Reserve Bank of India (RBI) headquarters in New Delhi | Anindito Mukherjee/Bloomberg
Reserve Bank of India (RBI) headquarters in New Delhi | Anindito Mukherjee/Bloomberg
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Data released by the Reserve Bank of India (RBI) last week shows a pick up in bank credit, led by credit growth of large companies. This improvement seems to be mainly on account of higher credit disbursal by the State Bank of India (SBI). Credit to infrastructure grew at 18.5 per cent. In credit to industry, the already minute share of small firms fell further.

When RBI had attempted to clean up bank balance sheets, push for recognition of bad assets and put weak banks under the prompt corrective action (PCA) framework, it resulted in a sharp slowdown in bank credit growth.

Recent months have seen a reversal in RBI’s stance under the new governor. It is reported that regulation is more lax and many banks have been taken out of the PCA framework. In addition interest rates have been cut.

As a consequence, total bank credit grew by 12.2 per cent in the financial year 2018-19. The total credit to industry grew by 6.9 per cent.

Where the growth is coming from

Across firms, large companies have the highest share of bank credit in industry, relative to medium or small and micro enterprises. Growth of credit to industry was driven by large firms at 8.2 per cent. Credit to small and micro firms grew by less than 1 per cent.

Graphic by Arindam Mukherjee | ThePrint

The sectoral composition of bank credit growth shows a sharp increase in credit to infrastructure which grew at 18.5 per cent in the 2018-19 fiscal. The growth rate was negative in 2017-18 at -1.7 per cent. The numbers show the continued dependence of infrastructure on banks. Considering the asset liability mismatch in bank lending to infrastructure, increased credit to the sector raises risk for banks.

Graphic by Arindam Mukherjee | ThePrint

Also read: Guide to banks’ annual inspection reports that Supreme Court wants RBI to disclose


Bad health of banks?

Most banks have not released financial statements for the full year ending in March 2019. The latest data available is for December 2018. We find that while banks under the PCA framework continue to be weak, even those outside it are not very healthy. SBI is the exception.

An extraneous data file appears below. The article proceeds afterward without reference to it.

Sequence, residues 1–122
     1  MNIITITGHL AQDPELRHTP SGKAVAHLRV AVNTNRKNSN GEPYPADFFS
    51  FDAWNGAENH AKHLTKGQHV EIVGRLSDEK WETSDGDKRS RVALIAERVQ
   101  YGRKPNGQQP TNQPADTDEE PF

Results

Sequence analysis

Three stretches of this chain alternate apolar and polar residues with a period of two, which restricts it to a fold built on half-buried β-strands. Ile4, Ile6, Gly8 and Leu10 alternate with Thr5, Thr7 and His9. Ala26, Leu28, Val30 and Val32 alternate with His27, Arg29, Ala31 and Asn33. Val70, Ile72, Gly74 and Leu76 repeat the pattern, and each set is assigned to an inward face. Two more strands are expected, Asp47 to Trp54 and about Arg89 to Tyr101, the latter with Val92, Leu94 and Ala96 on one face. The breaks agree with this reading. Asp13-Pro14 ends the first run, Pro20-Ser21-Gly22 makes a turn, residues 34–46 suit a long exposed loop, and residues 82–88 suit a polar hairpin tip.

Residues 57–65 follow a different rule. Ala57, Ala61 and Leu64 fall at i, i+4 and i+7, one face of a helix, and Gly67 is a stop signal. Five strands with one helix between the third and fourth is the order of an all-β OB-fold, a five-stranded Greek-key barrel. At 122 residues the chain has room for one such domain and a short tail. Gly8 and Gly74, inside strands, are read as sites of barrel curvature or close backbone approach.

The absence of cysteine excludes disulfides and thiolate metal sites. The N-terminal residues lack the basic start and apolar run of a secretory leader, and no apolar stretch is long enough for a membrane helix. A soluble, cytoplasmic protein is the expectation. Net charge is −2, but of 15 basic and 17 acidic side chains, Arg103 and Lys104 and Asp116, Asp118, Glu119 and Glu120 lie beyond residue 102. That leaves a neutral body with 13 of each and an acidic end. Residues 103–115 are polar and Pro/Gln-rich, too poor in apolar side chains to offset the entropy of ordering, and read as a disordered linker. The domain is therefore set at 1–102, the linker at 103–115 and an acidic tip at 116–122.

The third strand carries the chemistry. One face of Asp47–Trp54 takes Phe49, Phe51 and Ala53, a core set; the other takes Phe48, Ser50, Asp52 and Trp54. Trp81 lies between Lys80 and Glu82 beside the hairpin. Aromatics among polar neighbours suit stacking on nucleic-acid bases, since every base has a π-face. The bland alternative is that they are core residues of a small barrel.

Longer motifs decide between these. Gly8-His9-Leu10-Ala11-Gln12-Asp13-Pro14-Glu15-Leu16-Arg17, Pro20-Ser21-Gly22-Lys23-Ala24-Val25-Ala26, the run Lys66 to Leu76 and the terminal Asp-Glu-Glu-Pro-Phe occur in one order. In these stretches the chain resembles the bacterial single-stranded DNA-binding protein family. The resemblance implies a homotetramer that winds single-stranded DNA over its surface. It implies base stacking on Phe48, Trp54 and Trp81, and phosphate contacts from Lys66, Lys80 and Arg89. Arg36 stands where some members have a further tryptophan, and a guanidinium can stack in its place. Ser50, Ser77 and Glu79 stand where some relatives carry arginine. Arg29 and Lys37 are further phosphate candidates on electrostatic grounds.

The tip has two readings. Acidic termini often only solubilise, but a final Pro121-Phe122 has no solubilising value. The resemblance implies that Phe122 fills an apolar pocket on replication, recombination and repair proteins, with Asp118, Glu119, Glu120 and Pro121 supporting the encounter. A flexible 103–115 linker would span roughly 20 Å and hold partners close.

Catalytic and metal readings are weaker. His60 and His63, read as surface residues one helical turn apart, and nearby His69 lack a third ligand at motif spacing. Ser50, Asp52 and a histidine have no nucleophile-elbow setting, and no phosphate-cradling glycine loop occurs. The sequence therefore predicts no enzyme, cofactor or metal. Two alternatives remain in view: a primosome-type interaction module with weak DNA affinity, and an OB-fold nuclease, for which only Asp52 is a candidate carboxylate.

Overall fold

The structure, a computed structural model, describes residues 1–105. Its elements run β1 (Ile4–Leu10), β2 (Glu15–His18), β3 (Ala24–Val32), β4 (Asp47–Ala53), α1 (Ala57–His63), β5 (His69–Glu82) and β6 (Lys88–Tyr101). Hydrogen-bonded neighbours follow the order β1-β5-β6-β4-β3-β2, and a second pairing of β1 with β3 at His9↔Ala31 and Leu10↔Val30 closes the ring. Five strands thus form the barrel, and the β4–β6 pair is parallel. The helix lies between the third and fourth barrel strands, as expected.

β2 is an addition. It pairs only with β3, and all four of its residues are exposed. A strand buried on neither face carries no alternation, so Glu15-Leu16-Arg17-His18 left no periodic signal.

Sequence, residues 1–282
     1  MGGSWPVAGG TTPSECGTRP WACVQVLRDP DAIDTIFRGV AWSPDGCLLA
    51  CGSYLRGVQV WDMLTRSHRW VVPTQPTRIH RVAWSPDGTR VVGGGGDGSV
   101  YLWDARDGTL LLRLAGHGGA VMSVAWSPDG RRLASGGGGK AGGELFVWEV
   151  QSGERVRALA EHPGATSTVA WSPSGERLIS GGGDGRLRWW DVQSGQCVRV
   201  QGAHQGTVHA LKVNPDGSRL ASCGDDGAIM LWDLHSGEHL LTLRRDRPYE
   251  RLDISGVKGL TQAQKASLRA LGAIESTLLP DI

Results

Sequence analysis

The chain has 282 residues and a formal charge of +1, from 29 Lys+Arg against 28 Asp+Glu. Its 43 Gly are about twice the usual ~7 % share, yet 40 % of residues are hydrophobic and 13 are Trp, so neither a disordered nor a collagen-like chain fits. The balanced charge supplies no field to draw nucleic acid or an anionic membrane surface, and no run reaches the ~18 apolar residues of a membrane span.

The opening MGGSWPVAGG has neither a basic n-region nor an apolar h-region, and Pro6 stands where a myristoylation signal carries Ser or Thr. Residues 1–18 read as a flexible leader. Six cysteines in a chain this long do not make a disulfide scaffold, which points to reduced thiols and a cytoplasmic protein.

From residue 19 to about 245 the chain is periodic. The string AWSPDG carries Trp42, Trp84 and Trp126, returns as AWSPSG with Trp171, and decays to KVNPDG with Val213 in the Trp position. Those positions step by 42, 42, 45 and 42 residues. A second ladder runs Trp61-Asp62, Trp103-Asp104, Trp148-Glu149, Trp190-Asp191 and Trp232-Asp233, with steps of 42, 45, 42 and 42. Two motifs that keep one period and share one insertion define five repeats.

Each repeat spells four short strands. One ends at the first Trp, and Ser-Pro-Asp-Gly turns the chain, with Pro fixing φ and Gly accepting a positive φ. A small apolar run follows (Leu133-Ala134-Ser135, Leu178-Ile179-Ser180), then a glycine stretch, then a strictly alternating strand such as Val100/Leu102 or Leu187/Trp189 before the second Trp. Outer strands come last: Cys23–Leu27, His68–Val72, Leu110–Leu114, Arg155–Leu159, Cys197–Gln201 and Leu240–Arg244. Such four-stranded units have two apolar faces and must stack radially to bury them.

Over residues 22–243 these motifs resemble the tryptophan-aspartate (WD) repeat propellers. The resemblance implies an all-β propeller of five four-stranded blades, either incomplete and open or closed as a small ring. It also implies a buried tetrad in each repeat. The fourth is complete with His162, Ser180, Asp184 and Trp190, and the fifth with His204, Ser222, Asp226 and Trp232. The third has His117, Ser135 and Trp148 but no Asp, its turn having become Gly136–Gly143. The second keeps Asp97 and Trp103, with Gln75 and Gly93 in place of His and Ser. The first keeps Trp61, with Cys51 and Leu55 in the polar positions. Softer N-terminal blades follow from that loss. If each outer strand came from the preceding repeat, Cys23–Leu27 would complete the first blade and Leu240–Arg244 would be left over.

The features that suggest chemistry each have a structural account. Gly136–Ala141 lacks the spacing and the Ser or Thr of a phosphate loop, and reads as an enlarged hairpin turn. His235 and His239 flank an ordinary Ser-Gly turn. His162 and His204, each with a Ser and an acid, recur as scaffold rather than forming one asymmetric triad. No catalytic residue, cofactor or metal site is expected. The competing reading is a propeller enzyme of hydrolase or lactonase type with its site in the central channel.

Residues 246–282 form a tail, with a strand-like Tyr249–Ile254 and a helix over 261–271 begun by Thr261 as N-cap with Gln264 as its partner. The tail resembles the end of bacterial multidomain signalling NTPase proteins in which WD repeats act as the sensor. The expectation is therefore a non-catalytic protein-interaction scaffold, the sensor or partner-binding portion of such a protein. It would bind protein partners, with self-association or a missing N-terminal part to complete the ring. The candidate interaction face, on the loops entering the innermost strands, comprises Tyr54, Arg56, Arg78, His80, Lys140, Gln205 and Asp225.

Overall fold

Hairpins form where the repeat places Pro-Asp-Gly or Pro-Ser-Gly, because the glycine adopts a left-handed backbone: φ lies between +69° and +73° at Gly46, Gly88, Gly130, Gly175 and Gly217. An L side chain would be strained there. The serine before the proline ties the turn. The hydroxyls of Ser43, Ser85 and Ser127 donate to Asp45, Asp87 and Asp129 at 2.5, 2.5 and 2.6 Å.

Recently, the RBI has moved many banks such as Bank of India, Allahabad Bank, Corporation Bank and others out of PCA. However, these banks continue to slip on credit growth.

Among the ‘healthy’ banks, Punjab National Bank shows negative credit growth and 16.3 per cent of assets as gross non-performing assets (NPAs). Canara Bank shows positive growth, but this growth rate declined from September to December 2018.

SBI is the only bank for which capital adequacy ratio, gross NPA and credit growth have all shown an improvement. Bank of Baroda shows some improvement but with the capital adequacy ratio worsening.

In other words, the growth of credit does not seem to be coming from a general improvement in the health of the banking system.

The overall picture emerging from the latest data on bank credit highlights the lack of fundamental reform in the banking sector. Small and medium enterprises remain deprived of credit. The lack of a bond market encourages both large corporate and infrastructure companies to borrow from banks.

Unless long term financial sector reform to build a bond market and a competitive banking system is undertaken, small temporary fixes as have been done in recent months by RBI might give some increase in credit growth, but the fundamental weaknesses in the financial system will remain unaddressed.


Also read: More banking consolidations in India can lead to higher efficiency, say RBI researchers


 

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2 COMMENTS

  1. Tinkering around the margins. The government’s large borrowing programme will harden interest rates, apart from preempting resources away from the private sector. If infrastructure projects are not viable, it matters little whether they are funded by normal bank loans or other “ innovative financial solutions “. Power and banking remains two deeply troubled sectors whose reform should have been taken up in May 2014. 2. Now comes the grudging admission that the economy is indeed slowing down. Automobile dealerships are shutting down, two every week. There is something called the Indian Economic Service. Wonder if anyone takes their advice, listens to them occasionally.

    • This article is saying nothing new. It is asking for bond market reforms for long term borrowing and banking reforms, both of which are pending for many years but definitely since 2014. Whether a project is financed by bank or bond matters when it fails and no one can ex ante say that a project is going to fail or succeed. Of course, it is also true that most of the infrastructure projects have run into troubles mainly due to various issues which have not been timely addressed by the government. Seeking expert advice from IES cadre is a novel idea! I would rather wish they do their routine work more efficiently than advising government on policy issues. We do have RRR, Kaushik Basu, Amartya Sen for free advice!!

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